Kanban is not a solution for team dysfunctionScroll Down
It is a very common misconception in the Tech World, that Kanban is somehow “easier” than Scrum. A lot of people believe that a move to Kanban will make somehow remove all the difficulties and problems that are usually associated with Scrum. I’m here to tell you that is definitely not the case; Kanban is for high velocity teams that have been able to build a culture of delivery and can focus on the things that matter most without prompting or ongoing direct management.
What is work?
Scrum is regularly maligned and criticised because a lot of people think it “doesn’t work”. I’m here to tell you that in most cases (not all), it isn’t working because the team is trying to cheat. It’s because they think that following a process will result in good outcomes, but never define the outcome. The primary deliverables of any work management process is something along the lines of:
- A description of what should be done.
- What does the final deliverable look like.
- How long will it take.
- Who will do the work.
- What is the current status of the work.
If you can answer all of these questions, then a piece of work has been defined well initially and throughout its lifecycle.
Okay, but where does Scrum come into it?
Quite simply, Scrum has been built to enable teams to effectively create their work processes to deliver work. In fact, you can see this in some common “fields” for a card:
- User Story: A description of what should be done.
- Acceptance Criteria: What does the final deliverable look like.
- Estimation: How long will it take.
- Assignment: Who will do the work.
- Updates: What is the current status of the work.
These are all defined in some very common rituals that teams participating in Scrum usually have:
- Backlog Management: An initial card is generally created by a Product Manager based on incoming work flows. This should be a very high level description of the feature.
- Refinement: The PM will take the card to refinement where she will work with the team to identify an appropriate User Story and Acceptance Criteria for the card.
- Planning: Prior to this meeting, the Delivery Lead will have worked with Team Members to understand the amount of capacity each person has for the next iteration. The PM will have worked with Senior Leadership to understand the strategic pressures on the team and has prepared a draft iteration plan in concert with the DL. The team uses planning to Estimate the work as a group. If there is too much work, the team will discuss the priority of each card to decrease or increase the work to manageable amounts; otherwise the iteration will go forward as planned.
- Stand Up: Prior to Stand Up, each team member should provide an Update on their assigned card. During Stand Up, team members will discuss any completed work or blockers. If they have completed a ticket, they will Assign themselves a new piece of work.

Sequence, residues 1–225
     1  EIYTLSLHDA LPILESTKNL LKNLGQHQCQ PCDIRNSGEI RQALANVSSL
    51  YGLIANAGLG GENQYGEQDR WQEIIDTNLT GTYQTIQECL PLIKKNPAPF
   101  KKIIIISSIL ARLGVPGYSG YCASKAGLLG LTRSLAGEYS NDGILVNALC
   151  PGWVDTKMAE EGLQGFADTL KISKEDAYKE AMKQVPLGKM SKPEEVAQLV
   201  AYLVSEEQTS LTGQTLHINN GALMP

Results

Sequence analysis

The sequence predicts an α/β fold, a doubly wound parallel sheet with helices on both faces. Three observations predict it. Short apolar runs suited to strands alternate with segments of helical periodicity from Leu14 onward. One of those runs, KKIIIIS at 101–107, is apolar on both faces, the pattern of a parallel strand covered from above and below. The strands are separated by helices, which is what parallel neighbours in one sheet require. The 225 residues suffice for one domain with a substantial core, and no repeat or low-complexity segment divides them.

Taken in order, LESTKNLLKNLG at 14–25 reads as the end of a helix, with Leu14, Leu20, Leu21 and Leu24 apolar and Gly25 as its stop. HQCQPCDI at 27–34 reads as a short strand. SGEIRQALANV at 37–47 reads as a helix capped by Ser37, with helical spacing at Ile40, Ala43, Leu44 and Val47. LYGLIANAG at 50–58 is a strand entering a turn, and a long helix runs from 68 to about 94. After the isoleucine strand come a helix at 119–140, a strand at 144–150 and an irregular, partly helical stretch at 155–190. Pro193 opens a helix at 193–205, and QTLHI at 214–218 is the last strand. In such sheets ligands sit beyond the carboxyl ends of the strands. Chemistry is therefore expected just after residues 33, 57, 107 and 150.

Makes sense, but why is it not working for my team?
I’ll keep this simple. During an iteration, an in-process card should look like this:
However, what they usually look like is:
A lot of the discussion that happens in meetings is generally not recorded and gets lost. This means that when someone is sick, stops working on something, or something else happens, no one is able to understand where work is at. Fundamentally, you have all the bureaucracy without the paperwork which renders the process void as you lose all the value from it. The reason people put up with Transport Departments is that they keep good records, even if it may be painful to deal with. People wouldn’t put up with it if they didn’t keep records. What point would all that bureaucracy be if they had no record of your license or registration and have no standard for a roadworthy vehicle? This is fundamentally why teams break down when it comes to scrum: they do 95% of the work, but then don’t do the last 5% of the work that is valuable and impactful. It’s like eating a coconut except once you get rid of the shell you decide it is too much effort and throw away the edible bit.
Okay, but why can’t I use Kanban?
Quite simply, Kanban requires all of the processes from Scrum except the team does them all without prompts or meetings. Instead of planning, the PM ensures the backlog is prioritised. What about refinement? Well, the team naturally prunes and manages the backlog, taking a few minutes each day rather than a meeting once an iteration. The list goes on, but there are a tonne of cultural things that high velocity teams using Kanban do that can’t be skipped.
That’s not to say you can’t use Kanban, but don’t expect it to fix your problems. You’re still going to have cards with no context and have no idea what anyone is working on or why. The only difference is you have WIP limits that are regularly exceeded and no end date to the “current” iteration. It also requires a culture within the team that holds everyone to a high standard. If the standard isn’t maintained, Kanban will quickly fall apart.
Well, if I can’t use Kanban to solve my problems what should I do?
Make sure your cards have all the information that someone would need to work on that piece of work with no external information. I’m not suggesting you write War & Peace in updates, but as long as the card has enough context about what needs to be done and a link to a Pull Request someone has been working on, then a competent developer should be able to figure it out.
Once your team is in the habit of managing cards effectively you will start to notice that your team rituals move much faster. You spend less time in meetings and more time delivering. When this gets good enough, you will probably naturally convert to Kanban because the meetings are no longer necessary. It’s really that easy.
If you like to chat more about this or have a great counter-argument you’d like to put forward, then reach out! You can find me on Twitter @stophammotime.